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Here's my crazy husband helping to fix a neighbor's barn roof after our exciting, mini-tornado.
The good news is that I have finished updating the MD Sheep & Wool Festival's website for 2008 so anyone who's interested can go there and see what classes will be offered, what the T-shirt design will look like, who the vendors will be, etc. For the first time in many years, I will not be a vendor but I will be there taking classes and helping to run the Jr. Handspinner's contest as always. If you end up in the Mitred Square Engineering class, please say Hi, I'll be in there too.
Click link below for the website:
MD Sheep & Wool Festival Website
I actually met the new guy who will be taking over as webmaster for the sheep and wool festival when I move this summer and he seems very nice but I feel miserable to be leaving the Festival Committee after this year's Festival. Wahhhhhhhhh!
They are my friends and I will miss them all very much. Also, they are super useful for free knitting advice and they give me a free Festival T-shirt every year. I may have to kill the new guy - nothing personal.
Meanwhile, I did finish using up my stash of exotic fibers (mentioned in the previous post.)
Pictured above are the Ingeo skein, plyed with a Suri Alpaca / Cotton blend (top in photo.) I love the way this came out! Skein of Merino wool, remnants of two alpaca singles plied together and a skein of Tussah silk plied with soy silk. The soy was wonderful and soft to spin, the Tussah was harder but the sniny color is soooooo beautiful! Merino is always a joy to spin and the Suri blend was pretty easy to spin too.
Not pictured is a skein of 100% Suri that was given to me by another alpaca breeder. It spun up like hairy barbed wire so I threw it out. Not trying to look a gift horse in the mouth but some fleeces are just not worth sending out to be processed.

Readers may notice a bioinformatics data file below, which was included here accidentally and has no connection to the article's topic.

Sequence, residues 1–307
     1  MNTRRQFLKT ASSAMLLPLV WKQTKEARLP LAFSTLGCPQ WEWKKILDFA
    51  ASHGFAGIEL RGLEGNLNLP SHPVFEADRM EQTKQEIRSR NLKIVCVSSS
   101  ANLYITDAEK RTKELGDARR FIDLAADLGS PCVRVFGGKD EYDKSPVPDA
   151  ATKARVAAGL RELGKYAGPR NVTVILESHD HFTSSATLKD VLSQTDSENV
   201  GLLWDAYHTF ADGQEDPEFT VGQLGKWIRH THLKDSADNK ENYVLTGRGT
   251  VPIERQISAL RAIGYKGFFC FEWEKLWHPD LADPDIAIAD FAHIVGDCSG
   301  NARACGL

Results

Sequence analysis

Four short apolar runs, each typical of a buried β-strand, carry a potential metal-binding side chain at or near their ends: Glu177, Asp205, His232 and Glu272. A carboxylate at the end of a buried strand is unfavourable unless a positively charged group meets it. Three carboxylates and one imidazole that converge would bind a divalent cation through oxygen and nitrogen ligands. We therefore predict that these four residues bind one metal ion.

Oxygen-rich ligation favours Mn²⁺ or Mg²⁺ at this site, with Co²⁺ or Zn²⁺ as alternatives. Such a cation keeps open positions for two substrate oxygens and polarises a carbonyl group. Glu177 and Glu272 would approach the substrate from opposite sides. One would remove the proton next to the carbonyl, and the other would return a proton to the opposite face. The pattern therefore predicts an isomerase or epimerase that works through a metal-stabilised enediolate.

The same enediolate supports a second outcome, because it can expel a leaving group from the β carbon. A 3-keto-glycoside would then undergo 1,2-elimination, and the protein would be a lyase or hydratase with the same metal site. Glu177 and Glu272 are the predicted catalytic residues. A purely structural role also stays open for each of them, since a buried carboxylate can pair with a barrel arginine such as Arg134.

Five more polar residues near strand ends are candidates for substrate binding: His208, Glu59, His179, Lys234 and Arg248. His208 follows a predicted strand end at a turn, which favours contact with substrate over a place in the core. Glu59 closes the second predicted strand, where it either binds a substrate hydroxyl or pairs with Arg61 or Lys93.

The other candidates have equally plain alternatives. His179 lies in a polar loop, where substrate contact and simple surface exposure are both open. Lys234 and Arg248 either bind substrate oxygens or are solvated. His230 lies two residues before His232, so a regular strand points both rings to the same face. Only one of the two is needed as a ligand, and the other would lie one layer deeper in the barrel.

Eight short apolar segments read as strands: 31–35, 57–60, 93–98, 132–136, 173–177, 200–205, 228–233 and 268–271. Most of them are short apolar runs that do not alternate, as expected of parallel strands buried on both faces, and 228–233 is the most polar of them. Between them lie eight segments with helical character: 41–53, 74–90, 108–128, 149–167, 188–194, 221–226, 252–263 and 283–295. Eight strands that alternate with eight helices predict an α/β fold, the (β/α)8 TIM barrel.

Here's what it looked like in the roving though. This was my first clue that this one might not be worth spinning - look how much guard hair:
Now if I could only knit all of these skeins into something and see how they feel and act.... but, I am stuck trying to finish Debbie Bliss, bunny-eared baby booties for a baby shower present instead. If you have never seen Debbie Bliss's baby patterns for knitters, they are pretty much the cutest thing in the entire Universe. I'll have to take a photo - if I ever finish them.
I get a lot of weird e-mails pretty much constantly but the latest was from a guy who wanted to know if I could sell him a female Mallard duck!!!! I have a photo of a pair of Mallards somewhere here on this blog where I sometimes put photos of cute animals that show up at my farm and I guess this guy found me on Google and thought I sold Mallard ducks. Isn't it Illegal to sell wild animals? And, how do you deliver them, in the duck trailer? People, try to read the web pages you find BEFORE you hit that e-mail link.
If you have read this far without dying of boredom, here is the part that will finish you off. I have to BRAG, BRAG, BRAG about getting an article of mine published in International Camelid Quarterly's March 2008 edition. Of course it is an article that will tick off the "I'm an alpaca BREEDER - who can bother with fleece?" alpaca people. Can't give up my reputation as most hated alpaca person on the East Coast without a fight. Article is called, "Coming out of the Cottage" (as in that slightly condescending phrase, "cottage industry.") If you're too cheap to buy the magazine, I have a copy on my website but, really, you should subscribe to Camelid Quarterly if you're into alpacas - it's a very good magazine.
PS. If you think I'd complain about altering a formal dress for my daughter but spare her the indignity of being plastered on my blog, of course, you'd be wrong. Look how pretty she is!